The Ultimate Hexadome•
Posted on April 19 2020
Guest Tutorial by Lewis Frasch
Hello all, I am excited to have the opportunity to share my Aristeia! Ultimate Hexadome with you! I have wanted to put this kit together since it was first released, and with the amount of available hobby time created by the quarantine I was able to finish assembly and painting in approximately three weekends. In addition to several finished pictures, I wanted to include pictures of my painting process and order-of-operations in the hopes of encouraging others to tackle this amazing kit.
The first thing I did was a dry assembly of the kit. It includes hundreds of pieces, and I wanted to get an idea of how everything went together; no issues at all. The entire kit is numbered or lettered, so assembly was relatively easy (again, taking into account the hundreds of pieces).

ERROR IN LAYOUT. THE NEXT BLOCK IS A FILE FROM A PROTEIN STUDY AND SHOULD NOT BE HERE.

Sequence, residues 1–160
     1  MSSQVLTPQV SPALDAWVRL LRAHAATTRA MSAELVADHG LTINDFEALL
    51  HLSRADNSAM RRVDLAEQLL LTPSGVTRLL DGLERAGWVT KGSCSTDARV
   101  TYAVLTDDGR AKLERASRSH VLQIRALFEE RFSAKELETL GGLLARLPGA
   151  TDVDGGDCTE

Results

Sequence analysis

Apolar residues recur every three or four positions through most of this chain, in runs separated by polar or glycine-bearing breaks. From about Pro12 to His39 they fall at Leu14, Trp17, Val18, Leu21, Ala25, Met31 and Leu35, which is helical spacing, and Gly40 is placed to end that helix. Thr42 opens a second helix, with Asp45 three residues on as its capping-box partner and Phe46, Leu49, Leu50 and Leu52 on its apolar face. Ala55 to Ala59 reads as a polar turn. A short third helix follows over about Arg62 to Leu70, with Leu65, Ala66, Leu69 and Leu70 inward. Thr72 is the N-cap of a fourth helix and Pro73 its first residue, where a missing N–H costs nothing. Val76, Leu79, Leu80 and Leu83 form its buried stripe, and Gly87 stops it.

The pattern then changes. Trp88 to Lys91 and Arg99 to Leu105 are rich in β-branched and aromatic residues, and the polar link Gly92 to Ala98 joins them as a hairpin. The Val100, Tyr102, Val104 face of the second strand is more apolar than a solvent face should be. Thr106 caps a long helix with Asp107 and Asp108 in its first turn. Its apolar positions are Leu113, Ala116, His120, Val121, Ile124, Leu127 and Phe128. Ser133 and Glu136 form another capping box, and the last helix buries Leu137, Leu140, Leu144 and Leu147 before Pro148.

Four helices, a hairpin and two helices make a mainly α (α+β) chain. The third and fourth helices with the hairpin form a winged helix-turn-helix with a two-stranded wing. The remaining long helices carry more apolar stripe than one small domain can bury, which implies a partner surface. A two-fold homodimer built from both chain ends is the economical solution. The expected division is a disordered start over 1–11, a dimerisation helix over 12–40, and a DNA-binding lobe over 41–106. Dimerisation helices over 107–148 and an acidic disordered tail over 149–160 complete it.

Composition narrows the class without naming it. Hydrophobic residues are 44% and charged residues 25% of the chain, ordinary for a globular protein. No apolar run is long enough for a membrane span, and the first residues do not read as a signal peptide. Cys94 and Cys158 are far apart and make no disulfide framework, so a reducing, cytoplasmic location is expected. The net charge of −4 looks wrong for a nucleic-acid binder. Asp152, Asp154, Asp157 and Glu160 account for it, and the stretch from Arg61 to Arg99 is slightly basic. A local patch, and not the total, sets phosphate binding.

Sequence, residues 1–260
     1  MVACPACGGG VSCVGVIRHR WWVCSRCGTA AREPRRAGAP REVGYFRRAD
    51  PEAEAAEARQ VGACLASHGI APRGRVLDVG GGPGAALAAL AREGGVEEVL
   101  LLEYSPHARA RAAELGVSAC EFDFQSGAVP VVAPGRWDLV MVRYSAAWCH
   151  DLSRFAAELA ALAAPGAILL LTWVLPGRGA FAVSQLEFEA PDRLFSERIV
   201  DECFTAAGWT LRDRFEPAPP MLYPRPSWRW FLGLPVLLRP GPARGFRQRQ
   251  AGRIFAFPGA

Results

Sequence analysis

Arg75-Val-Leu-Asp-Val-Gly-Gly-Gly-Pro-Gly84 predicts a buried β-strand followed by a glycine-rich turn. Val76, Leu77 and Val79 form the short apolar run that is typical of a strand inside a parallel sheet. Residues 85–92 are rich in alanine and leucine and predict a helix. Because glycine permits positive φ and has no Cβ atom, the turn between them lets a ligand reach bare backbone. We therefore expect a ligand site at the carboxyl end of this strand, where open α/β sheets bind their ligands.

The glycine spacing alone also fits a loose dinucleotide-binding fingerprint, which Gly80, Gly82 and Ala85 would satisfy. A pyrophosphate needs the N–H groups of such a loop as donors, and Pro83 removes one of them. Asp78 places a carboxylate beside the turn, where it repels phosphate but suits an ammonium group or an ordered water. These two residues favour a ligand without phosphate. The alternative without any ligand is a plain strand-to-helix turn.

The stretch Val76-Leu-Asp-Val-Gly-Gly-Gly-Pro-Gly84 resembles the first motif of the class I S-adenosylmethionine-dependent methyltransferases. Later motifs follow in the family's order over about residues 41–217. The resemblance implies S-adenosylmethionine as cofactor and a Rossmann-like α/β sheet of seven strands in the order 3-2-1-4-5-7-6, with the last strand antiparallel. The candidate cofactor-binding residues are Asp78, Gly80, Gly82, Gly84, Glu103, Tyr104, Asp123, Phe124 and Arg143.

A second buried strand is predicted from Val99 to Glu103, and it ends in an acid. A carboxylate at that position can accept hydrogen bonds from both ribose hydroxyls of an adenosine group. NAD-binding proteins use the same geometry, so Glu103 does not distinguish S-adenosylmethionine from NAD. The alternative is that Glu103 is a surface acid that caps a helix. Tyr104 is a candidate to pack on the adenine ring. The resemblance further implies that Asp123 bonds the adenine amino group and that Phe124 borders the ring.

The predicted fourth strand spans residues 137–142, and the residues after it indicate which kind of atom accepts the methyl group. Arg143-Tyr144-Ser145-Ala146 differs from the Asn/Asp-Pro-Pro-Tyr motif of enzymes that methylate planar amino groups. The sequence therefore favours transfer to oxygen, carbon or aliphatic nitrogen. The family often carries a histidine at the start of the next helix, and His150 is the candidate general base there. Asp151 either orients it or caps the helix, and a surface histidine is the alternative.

Then it was on to priming. I primed every piece black besides the four main base boards on both sides, so that even under the hexes it would remain shadowed. Once everything was primed, I went back over the pieces and used Vallejo Model Air (VMA) black (71-057). I decided that the only visible black areas would be those under the scoring zones, the small grates that are shown in many of the hexes, and the small selection of hexes that featured rivets. I decided those hexes would be a simple non-metallic metal. After painting those hexes black, I realized I wanted them all to reflect the light in the same way, so I had to reassemble enough of the kit to determine orientation. I them marked the direction I wanted the reflection to go with masking tape. (Nevermind the grey in the following two pictures, I mixed neutral gray instead of light gray, so I went slightly out of order on some of the hexes.)